Upon notification, rushees will
receive their bids from 10:30 to
12:30 from the Dean of Women's
office.
The period of silence has been
extended to Monday evening due
to the fact that Saturday night is
inconvenient for pledging, with the
exception of Ms an hour, 12:30 to
1:00 on Saturday afternoon, when
the girls may speak with sorority
members. Pledging ceremonies
will take place on Monday night.
NOTICE: H. C. Phillips will be
the guest speaker at the noon meeting of the Varsity Christian Fellowship. Every student is invited.
Arts 206, TODAY. Bring your own
lunch.  Hear this speaker.
e   e   e   e
NOTICE: The first meeting of the
Junior Canadian Society of Technical Agriculture will be held Sunday, October 24 at 7:30 p.m., at
the home of Bob Hill, 1312 Acadia
Rd, Refreshments will be served.
A talk on "Marketing of Tea" will
be given.   All members are urged
to attend.
•   e   •   •
FOUND: One long, white, slightly bent knitting needle ideal for
cleaning pipes, In Arts 100 several
days ago. I found it but I lost it
again right away so I guess it
really doesn't matter.
—Denis   Blunden.
Arts-Aggie
Ball to Have
Indian Motif
• TEEPEES and campfires
will be set up in the
Commodore on November
25, for the annual Arts-<Ag-
gie Ball.
Whether pr not the guests will
have to eat pemmican, or prance
around the floor to the beat of
Indian tom-toms, remains to be
decided by the various committees.
PEP MEET
The Publicity Committee, under
Doug Haggart and Dorothy Moxon,
is planning a pep-meet In the near
future to reveal further plans.
The decorations committee consists of Ruth Killam, Bill Lane,
Gerry McManus and Johnny Robinson. Tickets may be obtained
from Harry Pitts. Peggy Burton
and Doris Thompson have charge
of the patron committee. Arrangements are in full swing under the
leadership of Dave Housser, Arts,
and Norm Wright, Aggie.
Victory
Loan Pep
Meet Tues.
• NORTH Van Shipyard
workers will treat Varsity gals and boys to some
tasty jive at the Victory
Loan pep meet scheduled for
next Tuesday.
Sponsored by Mr. H. McLaughlin, West Point Grey Victory Loan
headquarters, the pep meet is
guaranteed to send students bond-
buying by the hundreds.
"Pinkie" Stuart of the advertising Sales Bureau of the Board of
Trade will tell students about
Victory Loan requirements and will
stress the importance of "giving
till it hurts."
Ia addition to music in the shipyards style, students will swing to
the scintillating rhythms of the
Bond Band Wagon.
LOST: In Arts building, textbook
"Production for the People." Return to AMS office immediately.
Committee Cracks
Down on Offenders
•   ACCORDING to the latest reports, the Varsity Clean-up
campaign is sweeping the campus. Fraternity and sorority members may be found daily pushing the rubbish around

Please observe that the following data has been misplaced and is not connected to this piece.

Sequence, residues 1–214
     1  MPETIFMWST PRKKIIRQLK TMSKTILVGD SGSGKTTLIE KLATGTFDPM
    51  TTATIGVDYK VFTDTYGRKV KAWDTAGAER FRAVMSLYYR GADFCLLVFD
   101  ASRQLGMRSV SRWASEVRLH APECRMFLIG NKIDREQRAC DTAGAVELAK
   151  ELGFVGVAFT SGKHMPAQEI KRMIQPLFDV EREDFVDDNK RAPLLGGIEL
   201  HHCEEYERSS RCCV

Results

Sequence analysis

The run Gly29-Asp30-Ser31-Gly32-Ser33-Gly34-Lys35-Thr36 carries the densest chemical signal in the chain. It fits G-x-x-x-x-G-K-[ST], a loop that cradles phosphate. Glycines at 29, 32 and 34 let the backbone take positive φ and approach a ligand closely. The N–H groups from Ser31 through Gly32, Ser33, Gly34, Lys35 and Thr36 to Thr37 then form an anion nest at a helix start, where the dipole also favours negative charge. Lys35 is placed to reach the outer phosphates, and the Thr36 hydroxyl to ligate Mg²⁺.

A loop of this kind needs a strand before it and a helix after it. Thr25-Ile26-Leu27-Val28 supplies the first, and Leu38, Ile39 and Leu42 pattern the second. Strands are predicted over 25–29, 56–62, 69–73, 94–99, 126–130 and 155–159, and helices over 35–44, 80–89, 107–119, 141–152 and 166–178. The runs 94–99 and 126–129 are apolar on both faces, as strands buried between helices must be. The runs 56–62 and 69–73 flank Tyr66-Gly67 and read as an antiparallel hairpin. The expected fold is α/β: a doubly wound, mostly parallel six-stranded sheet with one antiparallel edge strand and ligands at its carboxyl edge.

the Caf with surprising results.
The Discipline Committee, how
ever, is planning to take Arm steps
immediately. Students who have
been littering the campus have already been brought up before the
Committee and have been dealt
with severely.
Garbage cans have been placed at
the entrance to every building;
there is one In the bus terminal
and several on the long walks. If
any student feels that more are
necessary he should make a request to the Students' Council and
one will be placed In the desired
location.
BOTTLES
In regard to pop bottles and the
parking lot, clean up officials state
Students Aeked To
Give Blood to Red
Cross at U. of Saek.
• ONE thousand blood donors
are being sought among the
1.400 students at the University of
Saskatchewan to give their blood
to the Red Cross.
Clinics will be held every Tuesday, Thursday and Saturday, commencing Oct. 26 at the College of
Engineering. The clinic is expected to handle 40 students per day.
Last year the drive for blood began at the end of November, continuing to spring examination tune,
and 900 students donated. The
drive will pause momentarily In
December for the Christmas
exams.
NOTICE: Social Problems Club
will meet today at 12:30 In Arts 204,
to discuss Elmore Philpott's speech
last week on Anglo-Soviet-American relations. The talk will first
be reviewed by a speaker, then
discussed by the members. At the
end of the meeting the three vacancies on the executive will be
filled. All students, particularly
first year, are welcome. Come and
air your opinions on today's great
international problems.
that a few people make a habit of
throwing bottles around, apparently in ignorance of the effect broken glass has on rubber.
The discipline committee has
plans for these culprits. Also, unless there is an improvement, the
Students' Council will not permit